China’s Remarkable Chip Production Surge in 2023 Defies Sanctions

Huawei has had an eventful few years. Following initial struggles with US trade sanctions, the Chinese company has experienced a surprise resurgence in the mobile industry, thanks to the development of homegrown processors that are just two generations behind the competition. The Chinese government has also allocated billions of dollars to bolster its silicon industry, enabling Huawei to work towards a self-sufficient chip network. These developments suggest that former President Donald Trump’s efforts to stifle Huawei may have inadvertently accelerated China’s semiconductor development.

The conflict between Huawei and the US began in May 2019 when the Commerce Department added the company to its Entity List due to concerns about surveillance and links to the Chinese state security. This move meant that Google could no longer provide Android support to Huawei, leading to the company’s adoption of HarmonyOS two years later. In November 2019, the FCC banned carriers from purchasing Huawei and ZTE networking gear with government subsidies. The following March, Trump signed a bill to reimburse the replacement of Chinese gear, leading to Huawei’s attempts to sue the FCC and subsequent market share decline.

The tech war escalated in May 2020 when the US further restricted Huawei’s access to American equipment and software. This restriction prevented companies like TSMC, Samsung, and SK Hynix from supplying chips to Huawei. As a result, Huawei had to rely more on local chip makers like SMIC and Shanghai IC R&D Center, resulting in a significant downgrade in processor capabilities. Nonetheless, Huawei’s spin-off brand, Honor, has been able to maintain a strong market position in China since being sold in November 2020.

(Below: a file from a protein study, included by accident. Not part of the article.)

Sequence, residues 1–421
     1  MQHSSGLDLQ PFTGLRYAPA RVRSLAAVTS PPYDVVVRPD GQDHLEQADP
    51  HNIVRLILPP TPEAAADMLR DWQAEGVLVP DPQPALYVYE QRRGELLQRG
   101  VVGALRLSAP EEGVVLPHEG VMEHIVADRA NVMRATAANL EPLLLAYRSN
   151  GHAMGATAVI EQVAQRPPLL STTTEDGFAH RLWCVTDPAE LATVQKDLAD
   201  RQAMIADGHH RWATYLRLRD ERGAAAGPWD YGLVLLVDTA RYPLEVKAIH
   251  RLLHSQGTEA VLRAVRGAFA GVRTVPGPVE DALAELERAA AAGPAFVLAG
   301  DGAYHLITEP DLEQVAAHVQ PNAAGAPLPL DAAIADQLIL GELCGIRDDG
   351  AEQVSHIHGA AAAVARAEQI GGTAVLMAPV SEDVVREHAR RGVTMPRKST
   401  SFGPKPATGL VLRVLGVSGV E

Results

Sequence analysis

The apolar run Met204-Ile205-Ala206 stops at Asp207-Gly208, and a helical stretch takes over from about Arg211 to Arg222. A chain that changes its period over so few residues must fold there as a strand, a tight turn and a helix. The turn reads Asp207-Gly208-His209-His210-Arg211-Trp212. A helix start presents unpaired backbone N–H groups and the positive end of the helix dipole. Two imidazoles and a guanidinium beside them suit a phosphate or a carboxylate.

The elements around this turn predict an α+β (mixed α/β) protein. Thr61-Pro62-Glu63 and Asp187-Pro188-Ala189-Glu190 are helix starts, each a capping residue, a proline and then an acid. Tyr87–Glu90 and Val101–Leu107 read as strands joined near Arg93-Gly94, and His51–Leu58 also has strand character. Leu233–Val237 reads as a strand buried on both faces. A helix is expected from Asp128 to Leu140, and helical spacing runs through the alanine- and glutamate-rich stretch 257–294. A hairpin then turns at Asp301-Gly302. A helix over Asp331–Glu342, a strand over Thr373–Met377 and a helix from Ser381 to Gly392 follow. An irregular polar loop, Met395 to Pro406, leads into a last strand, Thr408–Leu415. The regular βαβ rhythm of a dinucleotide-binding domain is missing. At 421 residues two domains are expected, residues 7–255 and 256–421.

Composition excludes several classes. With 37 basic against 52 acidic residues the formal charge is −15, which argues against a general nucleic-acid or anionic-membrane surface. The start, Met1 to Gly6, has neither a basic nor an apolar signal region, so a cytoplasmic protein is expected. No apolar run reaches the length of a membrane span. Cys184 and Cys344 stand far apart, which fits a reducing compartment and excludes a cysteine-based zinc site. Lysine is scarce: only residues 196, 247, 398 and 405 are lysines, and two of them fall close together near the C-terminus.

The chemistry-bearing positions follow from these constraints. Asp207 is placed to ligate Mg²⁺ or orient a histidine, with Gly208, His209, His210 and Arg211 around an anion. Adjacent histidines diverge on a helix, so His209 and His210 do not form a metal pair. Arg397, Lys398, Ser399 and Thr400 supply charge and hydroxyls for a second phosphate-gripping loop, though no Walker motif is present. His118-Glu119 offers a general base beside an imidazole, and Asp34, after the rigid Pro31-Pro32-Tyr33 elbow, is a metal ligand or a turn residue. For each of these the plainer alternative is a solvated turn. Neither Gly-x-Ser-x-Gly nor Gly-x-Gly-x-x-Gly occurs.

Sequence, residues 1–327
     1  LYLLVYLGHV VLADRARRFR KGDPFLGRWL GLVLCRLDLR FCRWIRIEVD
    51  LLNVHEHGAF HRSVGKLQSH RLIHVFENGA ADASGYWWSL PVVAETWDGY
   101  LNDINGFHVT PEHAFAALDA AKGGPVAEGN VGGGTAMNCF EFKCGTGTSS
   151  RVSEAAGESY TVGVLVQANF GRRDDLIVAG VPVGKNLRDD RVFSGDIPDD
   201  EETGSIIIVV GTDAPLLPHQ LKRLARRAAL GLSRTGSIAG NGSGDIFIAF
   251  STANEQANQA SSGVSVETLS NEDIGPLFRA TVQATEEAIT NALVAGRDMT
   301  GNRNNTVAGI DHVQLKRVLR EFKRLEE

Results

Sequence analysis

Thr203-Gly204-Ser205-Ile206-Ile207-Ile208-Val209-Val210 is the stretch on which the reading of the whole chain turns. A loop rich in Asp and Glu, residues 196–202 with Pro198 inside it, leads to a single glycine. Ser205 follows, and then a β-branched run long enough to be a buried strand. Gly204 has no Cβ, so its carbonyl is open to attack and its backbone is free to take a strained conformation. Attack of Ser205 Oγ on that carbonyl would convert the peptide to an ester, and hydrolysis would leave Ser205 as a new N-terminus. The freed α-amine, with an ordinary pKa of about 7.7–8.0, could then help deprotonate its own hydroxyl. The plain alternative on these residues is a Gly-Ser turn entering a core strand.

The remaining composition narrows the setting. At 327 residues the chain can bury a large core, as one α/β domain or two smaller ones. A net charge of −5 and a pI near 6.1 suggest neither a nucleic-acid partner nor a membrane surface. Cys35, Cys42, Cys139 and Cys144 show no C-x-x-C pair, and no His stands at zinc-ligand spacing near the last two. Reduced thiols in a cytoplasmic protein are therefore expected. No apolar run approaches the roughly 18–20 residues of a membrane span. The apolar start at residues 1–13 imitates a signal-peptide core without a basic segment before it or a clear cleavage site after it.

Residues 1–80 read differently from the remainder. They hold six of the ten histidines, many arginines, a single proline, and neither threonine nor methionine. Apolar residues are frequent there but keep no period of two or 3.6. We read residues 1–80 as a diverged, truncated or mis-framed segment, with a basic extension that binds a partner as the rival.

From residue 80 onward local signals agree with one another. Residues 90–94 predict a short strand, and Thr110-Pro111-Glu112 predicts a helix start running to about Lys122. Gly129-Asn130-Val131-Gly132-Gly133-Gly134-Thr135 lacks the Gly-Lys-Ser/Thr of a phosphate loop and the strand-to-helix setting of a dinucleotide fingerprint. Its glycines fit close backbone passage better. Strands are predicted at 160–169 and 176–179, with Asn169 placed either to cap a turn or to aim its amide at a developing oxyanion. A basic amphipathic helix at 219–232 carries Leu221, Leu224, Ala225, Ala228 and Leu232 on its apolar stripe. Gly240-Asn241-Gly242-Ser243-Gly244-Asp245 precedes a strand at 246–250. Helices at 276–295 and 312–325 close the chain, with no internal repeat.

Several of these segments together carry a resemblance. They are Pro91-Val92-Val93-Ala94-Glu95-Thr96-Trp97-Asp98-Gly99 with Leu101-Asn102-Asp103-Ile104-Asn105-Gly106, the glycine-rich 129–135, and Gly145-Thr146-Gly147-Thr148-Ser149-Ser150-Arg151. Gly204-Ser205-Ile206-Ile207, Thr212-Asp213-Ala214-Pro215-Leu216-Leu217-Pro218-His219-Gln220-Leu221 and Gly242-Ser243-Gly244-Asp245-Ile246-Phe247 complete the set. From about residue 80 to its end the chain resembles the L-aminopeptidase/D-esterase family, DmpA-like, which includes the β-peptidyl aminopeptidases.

China’s investment in the chip industry has paid off, with SMIC achieving a 7nm breakthrough in August 2022, faster than TSMC or Samsung. Bloomberg’s investigation suggests that Huawei’s self-sufficient chip network may have been aided by a Shenzhen city government investment fund, enabling the company to access advanced lithography technology and hire former ASML employees to develop its latest processor. Benchmarks indicate that this processor’s performance is on par with Qualcomm’s Snapdragon 888, suggesting that it is about two generations behind the leading competition.

In a surprising move, Huawei recently launched the Mate 60 and Mate 60 Pro smartphones without any prior announcement, coinciding with a visit from the US Commerce Secretary to China. This move has raised questions about special orders. Despite these developments, China’s semiconductor industry continues to face significant challenges, with thousands of chip-related companies closing down while new ones emerge. The US-China tech war extends beyond chips to other sectors, including electric vehicles and batteries, with potential implications for the global market.